While I tried and tried to smother the thoughts of jumping off the waterfall, what concerned me even more was the idea that it seemed like something irreversible had happened inside of me. I was mortified that what would be a normal healthy human reaction to a waterfall had been removed and replaced with a desire to jump off of it. Like something natural and innate within me had been stolen.




Today had to be the day. Every day I woke up in this bed was one more day I was dragging everyone around me down into my pit.

I tried to remember what it felt like to feel. How would the used-to-be-me react to knowing that her once happy home was being smothered by the effects of my wretchedness? I recognized now that that first thought of jumping off a waterfall would have been the most merciful way to go. Instead I had come home and selfishly required my whole family to swim in my misery with me. The longer I stayed, the more damage I did. Getting out of the picture was the best thing I could do for them now. I had heard it said that killing yourself is the most selfish thing you could ever do, but now that I stood on the edge, I wanted to shout from the mountaintops that this would be the most selfless thing I had ever done.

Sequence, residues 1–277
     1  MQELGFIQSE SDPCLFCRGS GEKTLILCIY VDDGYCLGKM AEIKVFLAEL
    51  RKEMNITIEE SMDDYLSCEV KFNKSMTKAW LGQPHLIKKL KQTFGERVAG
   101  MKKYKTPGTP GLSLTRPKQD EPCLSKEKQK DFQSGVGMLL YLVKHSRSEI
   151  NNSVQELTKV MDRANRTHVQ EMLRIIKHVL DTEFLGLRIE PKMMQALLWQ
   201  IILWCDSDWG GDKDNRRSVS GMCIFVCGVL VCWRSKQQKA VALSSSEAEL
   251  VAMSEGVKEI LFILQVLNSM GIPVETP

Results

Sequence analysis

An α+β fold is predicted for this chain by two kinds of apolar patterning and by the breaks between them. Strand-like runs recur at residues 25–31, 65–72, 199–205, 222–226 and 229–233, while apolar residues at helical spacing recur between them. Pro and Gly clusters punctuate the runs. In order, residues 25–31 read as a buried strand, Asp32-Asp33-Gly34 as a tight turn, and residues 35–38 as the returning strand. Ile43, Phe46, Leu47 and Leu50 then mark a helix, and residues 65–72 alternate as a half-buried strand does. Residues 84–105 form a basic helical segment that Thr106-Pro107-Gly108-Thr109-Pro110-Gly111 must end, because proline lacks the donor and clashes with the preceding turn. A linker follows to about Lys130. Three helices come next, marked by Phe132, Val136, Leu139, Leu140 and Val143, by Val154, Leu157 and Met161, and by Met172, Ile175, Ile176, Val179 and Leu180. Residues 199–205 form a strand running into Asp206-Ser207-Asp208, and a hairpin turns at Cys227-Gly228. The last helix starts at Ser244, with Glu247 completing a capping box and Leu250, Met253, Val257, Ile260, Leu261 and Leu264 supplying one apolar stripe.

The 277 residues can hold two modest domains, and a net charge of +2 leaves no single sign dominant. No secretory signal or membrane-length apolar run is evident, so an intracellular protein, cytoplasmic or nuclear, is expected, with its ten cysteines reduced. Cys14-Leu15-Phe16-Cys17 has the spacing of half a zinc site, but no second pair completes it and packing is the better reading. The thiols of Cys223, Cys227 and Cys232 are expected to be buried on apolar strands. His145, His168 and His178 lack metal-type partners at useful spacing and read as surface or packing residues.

There was one major condition. There had to be a note. It could not just be an afterthought. The taking of my life was going to have a monumental effect on the people who meant most to me in this world. Getting out of their lives would, in the long run, be the best thing I could do for them at this point. I prayed that any good I had done in my life would be payment for somehow granting them the ability to understand that. Through the note they also had to understand how much I loved them. I loved them so much. And that nothing they could have done would have saved me. My wretchedness was my own doing. They must know that. I would not go until the note was written.

On at least three separate occasions I sat down to write my letter. So strange, I wasn't even able to compose a sentence. When I picked up the pencil, my mind would cloud over and all I could manage was, "Sorry. Love you." That was not going to cut it. On one occasion, it was as if someone was holding the pencil, preventing me from writing.